There’s no understating how brutal the COVID-19 pandemic was for restaurants. Countless establishments closed their doors for good, those that did manage to stay open hobbled along on takeout and delivery orders, and workers left the industry en masse as they faced both potential illness and abuse from customers who refused to wear masks.
But since March, when Texas Gov. Greg Abbott announced that Texas was “100 percent open for business,” and rescinded all of the guidelines previously implemented to stem the spread of the virus, businesses started to make a comeback. After being stuck indoors for months, Texans were desperate to get out, see their friends, and support their neighborhood bars and restaurants. It finally seemed like the state was out of the woods. Now, though, a significant spike in new COVID-19 cases fueled by the highly contagious delta variant threatens that recovery.
On Monday, July 20, Dallas County announced 406 new COVID-19 cases, representing a surge in North Texas. “This is our highest one-day total of new cases since early March and reflects the trends we’re seeing with increasing hospitalizations and the consequences of the Delta variant,” Jenkins said. “Don’t delay any longer and get vaccinated today.” Evidence of the imminent surge has been mounting for weeks, as cases rose in area suburbs, including significant spikes in new cases in Addison, Sachse, and Garland.
All of this is really bad news for everyday Texans and restaurants, who were just starting to find their footing as diners returned to their favorite establishments in droves. These businesses have been busy; in fact, they’re so busy that pretty much every restaurant owner in town has complained about a so-called “hiring crisis” that won’t allow them to staff their restaurants fully. But as COVID cases spike, it’s likely that many diners will stay at home in an effort to prevent spreading the virus.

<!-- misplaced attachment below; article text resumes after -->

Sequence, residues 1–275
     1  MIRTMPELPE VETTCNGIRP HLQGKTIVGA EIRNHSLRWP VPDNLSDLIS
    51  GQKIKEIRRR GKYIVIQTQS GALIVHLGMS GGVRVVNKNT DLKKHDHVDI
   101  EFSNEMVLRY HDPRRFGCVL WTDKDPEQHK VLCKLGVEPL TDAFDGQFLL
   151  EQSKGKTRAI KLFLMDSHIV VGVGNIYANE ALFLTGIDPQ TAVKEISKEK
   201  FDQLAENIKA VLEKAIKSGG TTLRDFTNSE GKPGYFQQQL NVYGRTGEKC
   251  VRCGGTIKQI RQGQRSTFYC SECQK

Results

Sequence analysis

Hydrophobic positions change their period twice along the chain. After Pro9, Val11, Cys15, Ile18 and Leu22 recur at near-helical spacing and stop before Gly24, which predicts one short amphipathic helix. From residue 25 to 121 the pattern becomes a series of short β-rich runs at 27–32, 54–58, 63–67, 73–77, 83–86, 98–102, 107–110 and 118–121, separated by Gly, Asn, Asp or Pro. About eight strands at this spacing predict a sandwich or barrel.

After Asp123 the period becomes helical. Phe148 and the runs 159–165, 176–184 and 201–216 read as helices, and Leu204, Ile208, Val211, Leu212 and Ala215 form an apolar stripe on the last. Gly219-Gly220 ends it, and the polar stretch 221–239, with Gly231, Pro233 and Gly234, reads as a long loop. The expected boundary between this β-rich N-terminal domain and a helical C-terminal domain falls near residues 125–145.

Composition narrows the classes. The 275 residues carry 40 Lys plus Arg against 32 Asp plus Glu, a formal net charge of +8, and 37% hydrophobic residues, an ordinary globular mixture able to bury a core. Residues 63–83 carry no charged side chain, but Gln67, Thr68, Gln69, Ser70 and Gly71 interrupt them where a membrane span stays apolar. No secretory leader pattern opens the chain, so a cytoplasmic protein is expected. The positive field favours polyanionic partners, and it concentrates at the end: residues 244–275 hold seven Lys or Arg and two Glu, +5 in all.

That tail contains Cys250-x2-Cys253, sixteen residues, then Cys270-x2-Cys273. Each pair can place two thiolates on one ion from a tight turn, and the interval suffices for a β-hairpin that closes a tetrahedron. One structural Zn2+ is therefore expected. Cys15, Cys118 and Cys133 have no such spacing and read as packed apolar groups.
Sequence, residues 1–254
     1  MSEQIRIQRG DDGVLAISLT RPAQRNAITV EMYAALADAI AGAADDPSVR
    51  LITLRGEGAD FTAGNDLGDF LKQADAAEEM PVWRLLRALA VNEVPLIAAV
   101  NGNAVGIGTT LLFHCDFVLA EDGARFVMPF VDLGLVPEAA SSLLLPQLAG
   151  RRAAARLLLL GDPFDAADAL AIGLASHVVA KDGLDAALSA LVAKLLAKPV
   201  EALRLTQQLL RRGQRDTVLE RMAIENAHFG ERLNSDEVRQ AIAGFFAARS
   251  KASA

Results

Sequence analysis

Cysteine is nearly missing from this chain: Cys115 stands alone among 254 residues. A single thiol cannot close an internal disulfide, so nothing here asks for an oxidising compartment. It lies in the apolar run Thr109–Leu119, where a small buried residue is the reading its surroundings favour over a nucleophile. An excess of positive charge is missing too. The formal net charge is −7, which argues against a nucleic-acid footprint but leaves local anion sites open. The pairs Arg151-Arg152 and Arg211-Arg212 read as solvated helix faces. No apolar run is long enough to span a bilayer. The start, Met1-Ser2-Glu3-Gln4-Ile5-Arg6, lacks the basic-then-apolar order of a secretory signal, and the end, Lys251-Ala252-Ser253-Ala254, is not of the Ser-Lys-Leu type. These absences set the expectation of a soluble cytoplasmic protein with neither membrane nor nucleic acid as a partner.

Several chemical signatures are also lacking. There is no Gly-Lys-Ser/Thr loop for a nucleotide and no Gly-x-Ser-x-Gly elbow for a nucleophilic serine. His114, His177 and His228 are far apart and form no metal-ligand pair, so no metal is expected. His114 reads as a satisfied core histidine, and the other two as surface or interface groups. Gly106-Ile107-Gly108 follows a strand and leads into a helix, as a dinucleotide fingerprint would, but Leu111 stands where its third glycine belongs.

How Texans reacted after Gov. Abbott lifted the restrictions back in March bears that out. Many dining rooms sat empty for weeks, as diners waited to be vaccinated before venturing back out into the world of restaurants. Workers did the same, choosing to work at establishments that would still continue to enforce guidelines like social distancing and mask-wearing in the absence of the statewide mandate. The real comeback for restaurants didn’t begin until later, in April and May, after the vaccine became available to all Texans over the age of 18.
In Texas, where COVID-19 regulations were — even at the peak of the pandemic — pretty lax, it’s clear that lifting those limited restrictions back in March didn’t cause any sort of immediate surge in new cases of the virus. But that was well before the delta variant of COVID-19 became the dominant strain identified in so many new cases that, statewide, the testing positivity rate has surged to more than 10 percent. If people are afraid of contracting the virus, they’re not going to engage in behaviors that have been proven to be risky during the pandemic, like indoor dining.